Arrival in Lima

This morning I have arrived in Lima. I wanted to send an update before leaving, but things were very hectic in the last week. There were a lot of small things to take care of both for work to be done in Freising as for this excursion.

Today I landed in Lima at 5:30 a.m. The city was covered in its usual grey cloud blanket, but at least there was not much traffic. At the hotel (1,25 hours of city traffic later, instead of the usual 2 hours), I tried to get a little bit of extra rest, but after I laid down on my bed for about 5 minutes, I got a phone call from Philippe, my collection partner the coming two weeks, that we needed to go shopping. He forgot some things and I realised that I also didn’t pack my sunglasses and the taxi driver said that outside Lima, the spring has started.
So, after a quick breakfast, we wandered around aimlessly in a part of Lima called La Molina to find all the tings we needed.

For lunch we met with Hannele Lindqvist, one of our contacts at CIP, to go trough the project details, and of course to enjoy an absolutely lovely ceviche. After lunch we went straight to the CIP to collect all things we need in the field, like bags, samples, boxes, scissors. You name it. We went through some of the protocols and the schedule for the week to come and waited for our car to be dropped off. I can tell you one thing. It’s big, and it looks like we definitely have to go off road for our prospecting. Let’s see.

Now its time for a quick dinner, then some checking of coordinates for the populations that we want to find tomorrow and off to bed. Tomorrow we’ll leave early!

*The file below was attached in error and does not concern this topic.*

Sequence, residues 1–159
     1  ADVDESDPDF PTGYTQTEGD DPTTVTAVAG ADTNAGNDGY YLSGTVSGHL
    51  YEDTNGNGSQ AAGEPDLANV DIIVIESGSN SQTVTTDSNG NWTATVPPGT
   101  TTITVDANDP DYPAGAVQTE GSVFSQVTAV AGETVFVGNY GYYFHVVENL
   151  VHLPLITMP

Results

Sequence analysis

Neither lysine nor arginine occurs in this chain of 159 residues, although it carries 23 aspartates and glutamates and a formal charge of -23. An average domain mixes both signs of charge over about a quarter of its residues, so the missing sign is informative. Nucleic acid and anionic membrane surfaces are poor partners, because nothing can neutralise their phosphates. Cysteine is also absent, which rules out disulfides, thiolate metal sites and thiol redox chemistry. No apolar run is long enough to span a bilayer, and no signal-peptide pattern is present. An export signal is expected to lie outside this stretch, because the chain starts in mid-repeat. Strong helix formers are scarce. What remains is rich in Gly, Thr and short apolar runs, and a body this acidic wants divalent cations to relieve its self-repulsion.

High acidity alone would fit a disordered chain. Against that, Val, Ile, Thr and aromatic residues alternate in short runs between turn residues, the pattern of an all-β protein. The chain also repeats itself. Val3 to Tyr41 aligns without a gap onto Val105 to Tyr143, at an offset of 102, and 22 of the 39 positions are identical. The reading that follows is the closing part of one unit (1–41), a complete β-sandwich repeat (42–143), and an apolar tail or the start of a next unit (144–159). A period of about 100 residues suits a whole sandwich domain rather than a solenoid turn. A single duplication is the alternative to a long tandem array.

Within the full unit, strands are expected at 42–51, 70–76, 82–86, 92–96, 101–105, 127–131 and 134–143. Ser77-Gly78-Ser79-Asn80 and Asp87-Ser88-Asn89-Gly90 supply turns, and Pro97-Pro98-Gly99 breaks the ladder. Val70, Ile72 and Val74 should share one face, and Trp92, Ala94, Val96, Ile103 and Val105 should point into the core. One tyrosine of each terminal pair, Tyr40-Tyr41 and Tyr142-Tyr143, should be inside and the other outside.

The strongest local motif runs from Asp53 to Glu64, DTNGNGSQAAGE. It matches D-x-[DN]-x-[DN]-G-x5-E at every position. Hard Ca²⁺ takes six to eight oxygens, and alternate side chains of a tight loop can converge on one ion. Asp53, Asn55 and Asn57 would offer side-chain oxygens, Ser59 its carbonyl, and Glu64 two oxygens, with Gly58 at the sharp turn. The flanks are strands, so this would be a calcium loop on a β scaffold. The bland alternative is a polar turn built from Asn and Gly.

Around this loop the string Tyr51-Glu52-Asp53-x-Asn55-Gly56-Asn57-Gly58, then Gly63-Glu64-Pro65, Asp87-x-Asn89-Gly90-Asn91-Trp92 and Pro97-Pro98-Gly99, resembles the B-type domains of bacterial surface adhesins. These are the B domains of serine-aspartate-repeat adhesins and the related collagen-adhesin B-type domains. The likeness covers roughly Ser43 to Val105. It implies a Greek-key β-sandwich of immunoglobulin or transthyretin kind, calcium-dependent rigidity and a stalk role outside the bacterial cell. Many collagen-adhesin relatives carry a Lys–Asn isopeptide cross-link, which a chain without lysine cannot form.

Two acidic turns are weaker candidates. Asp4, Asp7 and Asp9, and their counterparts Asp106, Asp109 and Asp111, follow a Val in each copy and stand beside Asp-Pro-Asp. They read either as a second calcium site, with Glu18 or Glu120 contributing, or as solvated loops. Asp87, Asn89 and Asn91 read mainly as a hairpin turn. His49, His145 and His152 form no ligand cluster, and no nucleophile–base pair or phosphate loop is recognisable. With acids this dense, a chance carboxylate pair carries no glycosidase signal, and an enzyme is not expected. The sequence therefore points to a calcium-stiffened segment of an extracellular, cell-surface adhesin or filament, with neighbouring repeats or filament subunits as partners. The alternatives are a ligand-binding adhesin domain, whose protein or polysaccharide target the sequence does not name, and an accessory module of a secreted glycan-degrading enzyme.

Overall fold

At the moment I am just hanging on my sofa and trying to update my website. In less than a week, Philippe Prior and I will be in Lima, performing the last checks for our field trips around Lima.

With our SPiRaSOL project, we are going to try several to sample pathogens from wild tomato, so that we¬† know which ones are the best. We will collect from at least four different plant species and aim to visit as many sites as possible. We’ll focus on Phytophthora infestans and Ralstonia spp. If the project is successful it will open ways for a lot of possible follow-up work to investigate the diversity of plant pathogens in the wild.

But, before we go, we still have a lot to sort. Our colleagues at the CIP are helping us getting a lot of things sorted, permits, hotels, car rental, but we still have to check all materials that we need and we have to make sure we know our routes. Thus we have to double check the locations for the wild tomatoes and also make sure not to forget packing our GPS.